July/August 2013 EBJ (Issue 78) - I grew up bowhunting whitetails in Wisconsin from a young age. Countless early mornings and evenings in a treestand taught me the required patience and proper shot placement to shoot both bucks and does. Since moving to Colorado in 2005, I’ve been on a quest to harvest an elk on a DIY hunt with an over-the-counter tag in some of Colorado’s vast wilderness.
Over the past few years, I’ve spent my week long elk trips with my Uncle John and friend Mikey in the mountains around Crested Butte, which is where this story takes place. Just a few days before, I unexpectedly lost a dog to cancer. We had to put him down that previous Saturday. My emotions were high and I thought about canceling the trip altogether, but then I decided that getting away might be what I needed. I took part of his collar with his name on it and hooked it to my hunting pack for good luck.
Uncle John, Mikey, and I were up at 5 a.m. to clear skies and temperatures in the 30’s. John and Mikey decided to hunt a bull that we heard bugling above the main trail the night before, so I walked a mile over toward my secret spot in the poplar stand.
The elk had been relatively quiet the first part of the week and we were hoping that the rut would soon pick up. Elk sign was plentiful, but the elk were only talking for a short while at sunup and then again right at sundown.
I got to the edge of the poplar stand just as it was starting to get light. As soon as I walked in, I heard elk moving across the trail uphill from me. Then I heard a soft squeal of a bugle.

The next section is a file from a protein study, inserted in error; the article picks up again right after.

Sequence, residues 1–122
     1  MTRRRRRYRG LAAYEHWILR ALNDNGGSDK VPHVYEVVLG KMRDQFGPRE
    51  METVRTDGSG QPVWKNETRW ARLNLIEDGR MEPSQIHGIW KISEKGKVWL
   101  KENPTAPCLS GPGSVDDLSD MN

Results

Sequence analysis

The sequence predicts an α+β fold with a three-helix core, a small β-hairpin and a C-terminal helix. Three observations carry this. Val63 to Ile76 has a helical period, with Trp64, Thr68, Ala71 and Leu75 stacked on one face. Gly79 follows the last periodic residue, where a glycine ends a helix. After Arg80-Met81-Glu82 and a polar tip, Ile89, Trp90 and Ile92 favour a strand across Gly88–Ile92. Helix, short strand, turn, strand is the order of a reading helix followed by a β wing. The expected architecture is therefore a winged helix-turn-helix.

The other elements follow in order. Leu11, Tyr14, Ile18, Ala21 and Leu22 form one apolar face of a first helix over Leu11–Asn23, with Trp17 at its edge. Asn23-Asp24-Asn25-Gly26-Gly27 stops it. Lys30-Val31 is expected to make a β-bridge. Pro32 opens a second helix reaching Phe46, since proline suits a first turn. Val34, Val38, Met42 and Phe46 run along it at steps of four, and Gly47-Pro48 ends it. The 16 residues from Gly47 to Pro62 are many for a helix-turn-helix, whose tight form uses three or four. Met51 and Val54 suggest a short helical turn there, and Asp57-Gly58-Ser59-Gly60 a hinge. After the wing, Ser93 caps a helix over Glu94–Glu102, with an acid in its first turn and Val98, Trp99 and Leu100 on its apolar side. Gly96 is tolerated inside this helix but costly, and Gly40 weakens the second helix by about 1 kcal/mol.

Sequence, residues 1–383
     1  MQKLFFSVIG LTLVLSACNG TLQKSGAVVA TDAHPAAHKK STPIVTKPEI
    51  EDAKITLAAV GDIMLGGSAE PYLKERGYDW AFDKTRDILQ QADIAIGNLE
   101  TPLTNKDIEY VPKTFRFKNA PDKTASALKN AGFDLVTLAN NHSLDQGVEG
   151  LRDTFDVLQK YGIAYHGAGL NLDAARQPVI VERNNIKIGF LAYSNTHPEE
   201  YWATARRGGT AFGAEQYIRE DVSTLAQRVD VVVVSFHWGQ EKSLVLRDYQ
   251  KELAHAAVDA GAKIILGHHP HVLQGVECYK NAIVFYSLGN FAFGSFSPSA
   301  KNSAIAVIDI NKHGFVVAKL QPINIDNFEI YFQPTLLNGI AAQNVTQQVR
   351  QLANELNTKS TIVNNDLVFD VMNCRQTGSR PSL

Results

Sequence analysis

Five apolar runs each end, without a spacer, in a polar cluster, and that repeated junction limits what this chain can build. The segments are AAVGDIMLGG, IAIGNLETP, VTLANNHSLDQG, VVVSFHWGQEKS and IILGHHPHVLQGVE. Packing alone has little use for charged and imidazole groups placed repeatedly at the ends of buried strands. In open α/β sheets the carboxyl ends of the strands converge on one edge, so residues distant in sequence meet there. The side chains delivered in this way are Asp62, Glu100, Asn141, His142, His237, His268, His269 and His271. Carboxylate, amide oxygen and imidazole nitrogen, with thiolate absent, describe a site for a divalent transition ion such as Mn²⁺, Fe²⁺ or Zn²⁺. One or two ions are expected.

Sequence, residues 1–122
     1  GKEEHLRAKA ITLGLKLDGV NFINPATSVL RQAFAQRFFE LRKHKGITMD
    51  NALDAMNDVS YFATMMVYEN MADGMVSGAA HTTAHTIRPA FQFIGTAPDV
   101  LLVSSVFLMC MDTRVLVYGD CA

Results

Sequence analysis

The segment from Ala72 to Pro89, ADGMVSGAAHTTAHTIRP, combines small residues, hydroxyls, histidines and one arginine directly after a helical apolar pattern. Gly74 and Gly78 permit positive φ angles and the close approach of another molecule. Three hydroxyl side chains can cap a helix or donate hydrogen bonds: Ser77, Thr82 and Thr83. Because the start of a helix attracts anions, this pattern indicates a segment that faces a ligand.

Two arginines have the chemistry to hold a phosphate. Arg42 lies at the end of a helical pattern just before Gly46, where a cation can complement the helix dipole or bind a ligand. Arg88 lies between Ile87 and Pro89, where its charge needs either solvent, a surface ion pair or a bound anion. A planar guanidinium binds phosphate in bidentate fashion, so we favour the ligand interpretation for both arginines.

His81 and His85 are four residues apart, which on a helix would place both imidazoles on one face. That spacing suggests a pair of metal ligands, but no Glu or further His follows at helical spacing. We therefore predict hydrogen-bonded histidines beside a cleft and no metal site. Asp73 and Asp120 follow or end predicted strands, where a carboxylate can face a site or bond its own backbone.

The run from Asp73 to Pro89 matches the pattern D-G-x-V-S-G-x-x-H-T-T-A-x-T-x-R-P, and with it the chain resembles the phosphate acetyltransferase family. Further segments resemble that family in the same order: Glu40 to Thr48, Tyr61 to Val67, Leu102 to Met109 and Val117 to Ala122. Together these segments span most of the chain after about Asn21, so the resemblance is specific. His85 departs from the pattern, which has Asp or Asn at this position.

I backed up and headed down the ridge to cut the elk off near their bedding areas. I walked 200 yards and re-entered the woods near a spot I thought they might pass and that gave me ample shot opportunities.
Then came the waiting game. I’m not much for cold weather, as my hands and feet get numb easily due to countless frostnips as a child. I waited and waited until I couldn’t wait any longer. After an hour and a half, they still had not come through, so I decided to make a move back up the ridge and head toward a different bedding area that had a lot of recent elk activity.
As soon as I started walking, I saw some elk near where I had come in. At that moment I heard my uncle come on the radio asking for an hourly report. I told him that I had elk in front of me and that I would have to call him back in a few minutes.
For a full account of Ben's adventure, go to page 20 in the July/August 2013 issue of Eastmans' Bowhunting Journal.